New in Blu: ‘The Sorcerer’s Apprentice’ and ‘Knight and Day’

Today is a good day if you happen to like Disney. On the Blu-ray front, we’ve got The Sorcerer’s Apprentice and Fantasia / Fantasia 2000 hitting the format. But since I expand on both of those sets below, I’d like to alert you to the week’s truly outstanding Disney release, Waking Sleeping Beauty. Unfortunately it’s only available on DVD, but don’t let that stop you from seeing this insightful, intimate documentary about how Disney’s animation department came back from the brink of extinction in the late ’80s and early ’90s.

Made by veteran Disney producer Don Hahn, Waking Sleeping Beauty is bursting with eye-opening behind-the-scenes footage that I guarantee will captivate anyone who with an affinity for Disney animation. It offers such a unique perspective into such a crucial canon of film history that it demands to be in your collection as soon as possible.

New in Blu Key:

Top Shelf – Any elaborate collector’s editions or box sets.

Middle Shelf – Standard releases of fairly well known movies available at a reasonable price.

Bottom Shelf – Titles that are either A) suspiciously cheap or B) being released with very little fanfare.


Top Shelf

FantasiaFantasia / Fantasia 2000 ($28.99, Disney)

The Movie: There’s no reason to hide it, as I’m sure there will be plenty of people my age who felt the same way growing up, but Fantasia used to scare the crap out of me as a wee little kid. I’m honestly not even sure I’ve ever seen the whole movie because of that. I half-remember watching Fantasia 2000, but my memory on it is hazy enough that I might as well have never seen it. So, this Blu-ray set really is perfect for a Disney fanboy like me who still has a few, regrettable, gaps in his seen-it list.

The Features: As they’ve done with all of their Blu-rays thus far, Disney looks to have loaded this set with plenty of supplemental goodies, but having not seen them, I can only assume they’re on par with their other recent discs.

Who Should Buy It: Disney completionists.

. Everything prior was filled with kiddy-aimed humor and plots. And that’s great if you’re a kid who doesn’t care about story, but for those who can appreciate the bar Pixar sets, this stretch of films doesn’t really hack it.

The Features: Each movie has it’s own set, most likely carried over from the previous (discontinued) Blu-ray releases, but this time around your money gets you both the Blu and an extra DVD copy.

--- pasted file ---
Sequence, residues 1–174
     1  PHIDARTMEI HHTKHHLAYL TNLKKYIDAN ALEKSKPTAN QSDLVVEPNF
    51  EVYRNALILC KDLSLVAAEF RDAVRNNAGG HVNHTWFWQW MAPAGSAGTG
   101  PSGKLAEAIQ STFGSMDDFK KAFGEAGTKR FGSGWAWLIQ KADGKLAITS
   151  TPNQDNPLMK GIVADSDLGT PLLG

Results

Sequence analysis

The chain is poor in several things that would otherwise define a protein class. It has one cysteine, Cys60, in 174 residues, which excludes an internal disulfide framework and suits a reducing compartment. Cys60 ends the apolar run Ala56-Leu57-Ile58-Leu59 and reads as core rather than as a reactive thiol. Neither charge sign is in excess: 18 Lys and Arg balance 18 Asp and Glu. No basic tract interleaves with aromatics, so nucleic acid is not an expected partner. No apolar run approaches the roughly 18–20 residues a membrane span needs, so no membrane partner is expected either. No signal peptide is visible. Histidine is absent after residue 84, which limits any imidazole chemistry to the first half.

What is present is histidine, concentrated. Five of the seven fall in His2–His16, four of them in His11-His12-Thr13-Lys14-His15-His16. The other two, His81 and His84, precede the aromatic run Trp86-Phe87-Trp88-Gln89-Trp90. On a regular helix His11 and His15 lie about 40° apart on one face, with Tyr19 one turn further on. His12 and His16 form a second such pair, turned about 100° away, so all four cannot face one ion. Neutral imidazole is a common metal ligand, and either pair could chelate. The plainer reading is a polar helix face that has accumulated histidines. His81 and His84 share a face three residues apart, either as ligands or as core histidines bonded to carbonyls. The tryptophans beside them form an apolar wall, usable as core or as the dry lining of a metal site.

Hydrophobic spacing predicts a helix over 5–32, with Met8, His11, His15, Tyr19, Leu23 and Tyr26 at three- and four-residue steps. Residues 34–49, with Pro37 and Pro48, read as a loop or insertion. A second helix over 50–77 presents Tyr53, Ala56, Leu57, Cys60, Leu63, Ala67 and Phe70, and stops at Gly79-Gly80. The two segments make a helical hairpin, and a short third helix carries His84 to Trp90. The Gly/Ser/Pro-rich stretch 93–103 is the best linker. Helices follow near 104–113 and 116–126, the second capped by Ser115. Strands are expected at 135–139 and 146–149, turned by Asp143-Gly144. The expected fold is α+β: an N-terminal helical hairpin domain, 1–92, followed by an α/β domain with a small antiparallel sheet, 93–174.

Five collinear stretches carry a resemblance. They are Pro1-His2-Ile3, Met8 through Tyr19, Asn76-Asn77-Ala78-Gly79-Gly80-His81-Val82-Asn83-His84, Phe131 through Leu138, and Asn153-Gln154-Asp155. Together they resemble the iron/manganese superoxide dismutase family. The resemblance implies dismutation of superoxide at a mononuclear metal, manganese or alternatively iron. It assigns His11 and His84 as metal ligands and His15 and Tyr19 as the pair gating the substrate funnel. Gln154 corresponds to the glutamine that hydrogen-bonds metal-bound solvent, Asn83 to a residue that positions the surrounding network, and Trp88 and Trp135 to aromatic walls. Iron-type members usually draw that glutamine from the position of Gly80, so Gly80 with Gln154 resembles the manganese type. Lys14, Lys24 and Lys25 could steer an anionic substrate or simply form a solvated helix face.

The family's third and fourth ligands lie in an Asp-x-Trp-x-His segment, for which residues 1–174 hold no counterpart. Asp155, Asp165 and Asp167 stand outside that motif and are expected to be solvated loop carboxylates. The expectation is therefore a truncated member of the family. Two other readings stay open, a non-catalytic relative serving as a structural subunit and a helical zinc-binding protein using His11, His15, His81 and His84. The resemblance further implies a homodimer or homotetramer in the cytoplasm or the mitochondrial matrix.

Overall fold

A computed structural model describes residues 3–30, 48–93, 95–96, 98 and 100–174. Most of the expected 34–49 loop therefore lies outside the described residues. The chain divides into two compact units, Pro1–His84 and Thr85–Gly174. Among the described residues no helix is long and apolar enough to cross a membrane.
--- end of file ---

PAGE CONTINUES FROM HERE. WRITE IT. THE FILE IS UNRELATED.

Who Should Buy Them: Parents who spoil their children.


All The Rest:

Cairo TimeCairo Time ($23.99, MPI Home Video)

I actually don’t know anything about Cairo Time other than it’s a should-watch for anyone putting together a respectable Best of 2010 list. And frankly I’d like to keep it that way until I finally get around to watching it. But if you’re anything like me – basically someone who loves to give lesser known films a chance – buzz says this should be on your radar.

Going the DistanceGoing the Distance ($24.99, New Line Cinema)

I heard nothing but good things about Going the Distance, which by all accounts is an atypical romantic comedy. I regret missing it in theaters – supposedly it’s raunchier edge goes over like gangbusters – but I’m glad to know have the chance to catch up with it.

Kill TimeKill Zone ($17.99, The Weinstein Company)

If you’re an Asian/Martial Arts buff, you’re bound to better recognize this retitled Donnie Yen/Sammo Hung flick as S.P.L. The name doesn’t matter much, however (they’re both generic titles, anyhow) as this is a terrific, modern martial arts flick. It’s not quite as engaging as some of director Wilson Yips later films involving Yen/Hung (particularly Ip Man), but anyone who likes to watch men punch and kick each other into oblivion should have a blast with it.

Make-Out with ViolenceMake-Out With Violence ($25.49, Factory 25)

Horror movies are divisive lot and Make-Out With Violence is no exception. It escaped me on the festival circuit and then when it went into limited release earlier this year, so I have yet to actually see it, but I’ve heard this low-budget zombie affair is either a lot of fun or a maddening piece of crap.

Vampires SuckVampires Suck ($22.99, Fox)

And speaking of maddening piece of crap, here’s Vampires Suck, the latest from Jason Friedberg and Aaron Seltzer. I’m not sure why I’m alerting anyone to its Blu-ray release – as film lovers, we should all probably just pretend it doesn’t exist – but here it is.